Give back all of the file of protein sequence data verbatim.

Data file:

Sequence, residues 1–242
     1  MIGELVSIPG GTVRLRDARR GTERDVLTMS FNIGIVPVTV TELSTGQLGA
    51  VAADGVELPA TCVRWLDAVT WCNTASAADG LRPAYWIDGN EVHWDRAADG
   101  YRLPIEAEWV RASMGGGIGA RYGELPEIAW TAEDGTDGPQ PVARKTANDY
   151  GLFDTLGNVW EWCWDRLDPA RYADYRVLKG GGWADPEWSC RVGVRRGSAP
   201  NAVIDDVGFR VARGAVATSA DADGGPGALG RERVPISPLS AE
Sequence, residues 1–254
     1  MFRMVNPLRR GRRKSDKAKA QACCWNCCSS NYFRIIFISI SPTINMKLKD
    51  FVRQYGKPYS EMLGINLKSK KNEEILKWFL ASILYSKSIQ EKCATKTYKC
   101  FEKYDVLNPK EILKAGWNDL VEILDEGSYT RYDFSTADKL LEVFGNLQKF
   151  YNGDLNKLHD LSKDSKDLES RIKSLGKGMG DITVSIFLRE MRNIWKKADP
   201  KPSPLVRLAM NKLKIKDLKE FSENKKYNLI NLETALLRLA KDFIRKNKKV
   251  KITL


Sequence, residues 1–242
     1  MIGELVSIPG GTVRLRDARR GTERDVLTMS FNIGIVPVTV TELSTGQLGA
    51  VAADGVELPA TCVRWLDAVT WCNTASAADG LRPAYWIDGN EVHWDRAADG
   101  YRLPIEAEWV RASMGGGIGA RYGELPEIAW TAEDGTDGPQ PVARKTANDY
   151  GLFDTLGNVW EWCWDRLDPA RYADYRVLKG GGWADPEWSC RVGVRRGSAP
   201  NAVIDDVGFR VARGAVATSA DADGGPGALG RERVPISPLS AE
Sequence, residues 1–254
     1  MFRMVNPLRR GRRKSDKAKA QACCWNCCSS NYFRIIFISI SPTINMKLKD
    51  FVRQYGKPYS EMLGINLKSK KNEEILKWFL ASILYSKSIQ EKCATKTYKC
   101  FEKYDVLNPK EILKAGWNDL VEILDEGSYT RYDFSTADKL LEVFGNLQKF
   151  YNGDLNKLHD LSKDSKDLES RIKSLGKGMG DITVSIFLRE MRNIWKKADP
   201  KPSPLVRLAM NKLKIKDLKE FSENKKYNLI NLETALLRLA KDFIRKNKKV
   251  KITL